Floorcloth revival: Walpole painter and herbalist Susan Connery had put some literature about painted floorcloths in a cabinet about 25 years ago, telling herself, “I want to do that.”
Four years ago, she took herself up on her idea.
Painted floorcloths, according to Connery’s business brochure, “have a long history, first produced en masse in Europe prior to the mid-1700s. They were used in summer when wool carpets were removed from homes to be cleaned and stored, and used under carpets in winter months to add insulation.”
The floorcloths – painted with attractive designs – were used by early American presidents, and began to be phased out with the introduction of linoleum around the 1850s.
“But now,” says Connery’s brochure, “they are coming back!”
When I visited Connery recently, she enthusiastically showed me her work. Connery has immersed herself in the making of beautiful floorcloths — highly durable, polyurethane-covered designer mats made of heavyweight duck canvas, featuring her own designs as well as favorite designs from the various wallpapers she has used in her interior design business, The Wall Works, online at facebook.com/mainewallworks.
Connery makes her own stencils for a lot of her designs – such as a gorgeous Asian-inspired royal-blue-and-white mat featuring two koi-like fish – but lately has been doing more freehand work.
“I like colorful,” she said of her designs. “They can be contemporary and modest, but I tend to not be very contemporary. I like a lot of flowers and design.”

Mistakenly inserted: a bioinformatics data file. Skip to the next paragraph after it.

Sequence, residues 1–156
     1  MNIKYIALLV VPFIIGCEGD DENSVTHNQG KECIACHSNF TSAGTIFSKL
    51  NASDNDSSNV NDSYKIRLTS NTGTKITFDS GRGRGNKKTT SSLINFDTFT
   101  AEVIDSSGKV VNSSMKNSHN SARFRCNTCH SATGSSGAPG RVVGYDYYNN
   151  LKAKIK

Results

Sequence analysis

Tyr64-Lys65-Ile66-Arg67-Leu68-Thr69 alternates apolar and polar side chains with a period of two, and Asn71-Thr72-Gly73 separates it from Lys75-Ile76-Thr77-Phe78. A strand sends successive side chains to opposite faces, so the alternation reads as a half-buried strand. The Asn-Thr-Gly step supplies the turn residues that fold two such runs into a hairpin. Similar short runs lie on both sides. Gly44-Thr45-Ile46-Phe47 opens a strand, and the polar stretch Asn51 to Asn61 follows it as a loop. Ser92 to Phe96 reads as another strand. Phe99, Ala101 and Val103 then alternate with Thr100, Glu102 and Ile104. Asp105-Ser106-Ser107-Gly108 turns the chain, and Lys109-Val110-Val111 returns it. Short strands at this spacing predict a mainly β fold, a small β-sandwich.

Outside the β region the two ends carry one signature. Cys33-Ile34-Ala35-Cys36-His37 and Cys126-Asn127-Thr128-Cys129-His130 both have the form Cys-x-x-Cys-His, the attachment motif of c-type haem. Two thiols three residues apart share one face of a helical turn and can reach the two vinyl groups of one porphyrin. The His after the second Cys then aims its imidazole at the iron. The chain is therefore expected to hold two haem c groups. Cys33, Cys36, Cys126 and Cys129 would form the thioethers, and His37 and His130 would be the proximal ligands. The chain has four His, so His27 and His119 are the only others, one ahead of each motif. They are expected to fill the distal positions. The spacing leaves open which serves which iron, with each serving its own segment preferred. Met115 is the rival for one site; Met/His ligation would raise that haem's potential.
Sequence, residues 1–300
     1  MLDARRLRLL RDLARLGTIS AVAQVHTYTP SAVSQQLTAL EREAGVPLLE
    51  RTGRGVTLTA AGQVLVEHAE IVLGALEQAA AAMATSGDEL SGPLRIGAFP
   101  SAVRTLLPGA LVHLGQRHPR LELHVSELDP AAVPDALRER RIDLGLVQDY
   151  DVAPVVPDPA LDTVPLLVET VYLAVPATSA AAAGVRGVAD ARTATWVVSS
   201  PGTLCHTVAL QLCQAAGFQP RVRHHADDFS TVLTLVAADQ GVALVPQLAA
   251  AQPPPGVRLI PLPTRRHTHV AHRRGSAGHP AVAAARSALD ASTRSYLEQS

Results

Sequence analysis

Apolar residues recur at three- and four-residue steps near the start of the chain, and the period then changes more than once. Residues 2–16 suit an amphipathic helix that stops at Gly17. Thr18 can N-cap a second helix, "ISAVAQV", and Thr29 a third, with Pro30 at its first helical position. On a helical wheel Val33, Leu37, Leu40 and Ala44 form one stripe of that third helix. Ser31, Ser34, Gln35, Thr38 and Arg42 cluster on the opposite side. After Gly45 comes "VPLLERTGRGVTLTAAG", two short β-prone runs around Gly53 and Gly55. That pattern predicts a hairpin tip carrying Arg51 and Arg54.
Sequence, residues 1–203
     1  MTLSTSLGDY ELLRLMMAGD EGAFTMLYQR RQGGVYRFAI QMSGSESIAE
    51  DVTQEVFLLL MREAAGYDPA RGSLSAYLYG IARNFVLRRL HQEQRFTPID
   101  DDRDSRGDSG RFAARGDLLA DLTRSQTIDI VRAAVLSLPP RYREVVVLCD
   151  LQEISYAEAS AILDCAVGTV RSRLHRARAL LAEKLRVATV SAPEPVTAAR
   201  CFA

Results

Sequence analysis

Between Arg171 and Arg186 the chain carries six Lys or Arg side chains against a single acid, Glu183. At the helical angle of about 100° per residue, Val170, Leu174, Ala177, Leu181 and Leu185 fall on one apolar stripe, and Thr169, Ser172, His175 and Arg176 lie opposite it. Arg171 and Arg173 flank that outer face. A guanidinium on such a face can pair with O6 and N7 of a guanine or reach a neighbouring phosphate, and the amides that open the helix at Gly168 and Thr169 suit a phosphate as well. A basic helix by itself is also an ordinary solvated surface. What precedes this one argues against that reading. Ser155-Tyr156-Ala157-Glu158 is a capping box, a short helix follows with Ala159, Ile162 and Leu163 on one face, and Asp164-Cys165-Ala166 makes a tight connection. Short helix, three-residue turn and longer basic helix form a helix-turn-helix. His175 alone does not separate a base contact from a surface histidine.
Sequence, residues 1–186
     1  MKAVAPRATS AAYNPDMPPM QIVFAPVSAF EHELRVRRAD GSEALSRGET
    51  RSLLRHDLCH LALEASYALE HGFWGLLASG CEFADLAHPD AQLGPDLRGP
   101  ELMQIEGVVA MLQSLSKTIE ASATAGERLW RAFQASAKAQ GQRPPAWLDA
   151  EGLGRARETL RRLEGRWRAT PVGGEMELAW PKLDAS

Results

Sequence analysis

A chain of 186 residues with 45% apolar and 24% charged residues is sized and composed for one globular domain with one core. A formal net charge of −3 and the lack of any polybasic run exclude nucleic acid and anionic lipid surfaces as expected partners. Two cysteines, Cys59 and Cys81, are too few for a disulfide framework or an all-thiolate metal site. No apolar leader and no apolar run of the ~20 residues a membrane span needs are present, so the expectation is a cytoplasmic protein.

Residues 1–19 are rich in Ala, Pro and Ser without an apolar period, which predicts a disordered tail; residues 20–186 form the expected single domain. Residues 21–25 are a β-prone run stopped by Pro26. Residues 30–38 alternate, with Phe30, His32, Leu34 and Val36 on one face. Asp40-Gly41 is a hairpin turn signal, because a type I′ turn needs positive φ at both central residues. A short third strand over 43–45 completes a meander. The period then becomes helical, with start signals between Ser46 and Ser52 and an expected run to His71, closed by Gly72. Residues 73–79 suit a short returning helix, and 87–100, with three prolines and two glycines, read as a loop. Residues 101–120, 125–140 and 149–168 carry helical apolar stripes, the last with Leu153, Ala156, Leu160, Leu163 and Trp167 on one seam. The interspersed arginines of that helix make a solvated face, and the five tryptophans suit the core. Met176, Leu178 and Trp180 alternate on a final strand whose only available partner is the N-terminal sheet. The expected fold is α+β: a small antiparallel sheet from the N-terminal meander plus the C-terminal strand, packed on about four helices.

Connery also employs her considerable sewing skills in finishing her floorcloths. “I make mitered corners,” she said, flipping over one floorcloth to show me her very tidy work.
The result of her careful work and attention to detail is a high-quality, artfully done, long-lasting product that seems perfect for such areas of the home as the kitchen and the bathroom, higher-traffic places where one might like some water resistance in addition to beauty.
“When they’re done, they feel like linoleum,” Connery said of her floorcloths. “And that’s what they were – the original linoleum.”
Connery said she knows of two other artists, Addie Peet, of Winterport, and Vermont’s Susan Arnold, who have revived the art of the floorcloth. Peet, she noted, “does a completely different hem than I do!”
Connery is in the process of moving into floorcloth production full time. “Making painted floorcloths will replace my paint work on walls by the time I turn 60, like in two years,” said Connery.
Floorcloths are “a place for me to put my artwork,” Connery said. “I can be creative as much as I want. And I can’t paint houses forever – I need to replace that.”
Connery’s floorcloths are featured at The Good Supply, 2106 Bristol Road, Pemaquid (Bristol), and she is available to do custom work.
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